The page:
In Lent’s vision, it seems we can now monetize the activities of people throughout history. By applying such a logic, and hence seeing no rise in income for 1,750 years, the obvious conclusion is that they must not have innovated because there were very few rises in income. But such a viewpoint fails to consider anything beyond that which can be codified. Moreover the creativity Lent talks about seems to be anchored to digital ability. Just because they could not code in the Medieval period, does not mean that they were not creative. Such thinking applies a logic of contemporary capitalism to a society which operated far beyond such a remit. It argues that creativity, if not 'used' to create something that increases economic productivity, is not creative. This is sadly the narrative which is indicative of modern day evangelists of creativity: we are all creative, but only if you employ this in a contribution to economic growth. 

The second reason manifests itself in Lent’s argument that creativity is subverting the hegemony of the established order. He argues that "establishing a world where millions can apply their ingenuity to solving problems is far more likely to bring about adequate solutions than one where this power is delegated to an exclusive elite", conjuring up images of the lone maverick fighting the established order. However what he fails to acknowledge is that the very creativity he is festishising is the power of the elite. He bemoans Google, YouTube and Facebook for monopolising the “power to create”, yet champions Uber for following the same logic of firm growth. He lambasts attempts to ban Airbnb but argues that there is a need to support those who “lose their jobs”. Such conflicting argumentation serves to highlight the anachronism of his argument and inherent flaws within it. If we are to support creativity that sees the proliferation of start-up apps, then another Google will always be the result. We have Airbnb and Uber now, so of course we are much more creative than the Romans ever were.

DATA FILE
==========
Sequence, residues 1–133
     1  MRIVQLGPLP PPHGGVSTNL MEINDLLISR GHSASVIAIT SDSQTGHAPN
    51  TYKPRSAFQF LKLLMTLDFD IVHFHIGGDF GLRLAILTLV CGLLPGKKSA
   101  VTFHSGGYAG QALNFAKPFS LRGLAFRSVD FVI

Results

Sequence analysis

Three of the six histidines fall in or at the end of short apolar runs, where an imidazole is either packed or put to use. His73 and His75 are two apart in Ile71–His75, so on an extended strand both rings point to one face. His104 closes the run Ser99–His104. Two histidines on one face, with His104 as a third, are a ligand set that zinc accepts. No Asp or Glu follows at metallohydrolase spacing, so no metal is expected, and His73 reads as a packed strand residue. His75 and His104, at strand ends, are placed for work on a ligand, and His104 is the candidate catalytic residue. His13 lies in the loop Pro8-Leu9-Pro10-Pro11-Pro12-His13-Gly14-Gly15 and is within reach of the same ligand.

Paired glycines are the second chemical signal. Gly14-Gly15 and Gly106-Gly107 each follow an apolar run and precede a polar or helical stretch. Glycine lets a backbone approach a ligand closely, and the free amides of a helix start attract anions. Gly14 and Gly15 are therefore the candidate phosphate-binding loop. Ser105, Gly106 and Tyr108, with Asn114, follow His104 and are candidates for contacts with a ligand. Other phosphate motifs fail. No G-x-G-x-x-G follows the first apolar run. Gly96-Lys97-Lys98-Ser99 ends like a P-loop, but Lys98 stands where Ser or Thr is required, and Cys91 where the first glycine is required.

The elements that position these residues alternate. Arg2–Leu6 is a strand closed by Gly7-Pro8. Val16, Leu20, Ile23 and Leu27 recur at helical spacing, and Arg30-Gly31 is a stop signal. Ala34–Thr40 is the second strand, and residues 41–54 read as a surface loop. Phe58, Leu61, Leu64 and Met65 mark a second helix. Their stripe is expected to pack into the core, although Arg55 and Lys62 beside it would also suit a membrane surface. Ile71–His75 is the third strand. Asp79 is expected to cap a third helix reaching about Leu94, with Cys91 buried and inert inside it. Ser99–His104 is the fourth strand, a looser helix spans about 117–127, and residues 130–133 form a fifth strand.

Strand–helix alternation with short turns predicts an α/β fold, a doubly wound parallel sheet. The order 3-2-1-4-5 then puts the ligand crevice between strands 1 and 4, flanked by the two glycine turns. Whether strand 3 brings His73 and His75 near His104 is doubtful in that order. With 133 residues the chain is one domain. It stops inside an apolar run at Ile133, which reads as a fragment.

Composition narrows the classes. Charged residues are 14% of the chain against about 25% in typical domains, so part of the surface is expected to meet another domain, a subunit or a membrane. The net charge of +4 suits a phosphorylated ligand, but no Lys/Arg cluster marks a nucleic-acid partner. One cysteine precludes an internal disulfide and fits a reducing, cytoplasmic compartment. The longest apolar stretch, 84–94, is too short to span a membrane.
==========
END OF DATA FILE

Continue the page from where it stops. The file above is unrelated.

Such a narrow, blinkered view of creativity gives no merit or worth to activities that do not go toward maintaining economic elitism, and only serves to enforce a logic of neoliberalism and the centralisation of power. What about community empowerment? What about subculture? What about social activism? What about charity work? The suggestion that we are living in creative times is a red herring, when it merely veils how creativity is a new term for unequal development. The reason Lent 'sees' creativity blossoming in the last 250 years is that since then, power structures have been refined in order to exploit true creativity for capitalist development (and the inequality it creates).

There are many ways in which this narrative can be deconstructed. But perhaps more importantly, we need to guard against the kind of policy that such thinking is inculcating. Creative cities that are hyper-gentrifying, and creative industries that are not diverse, are but some of the by-products of the self-determining worth of 'creatives'. 

Creativity is the power to subvert those institutions that dominate, oppress and create inequality. Creativity is very much fundamental to our human nature, but it has became co-opted by powers looking to hijack it for the development and maintenance of the established order. We are no more creative than we used to be; it is just that now, hell really has broken loose, because people have become so very good at channeling that creativity into creating hegemony, centralised power and injustice. 

About the author

Oli Mould is a lecturer in Human Geography at Royal Holloway, University of London. You can read his blog at www.taCity.co.uk and he tweets at @olimould and @urbansubversion.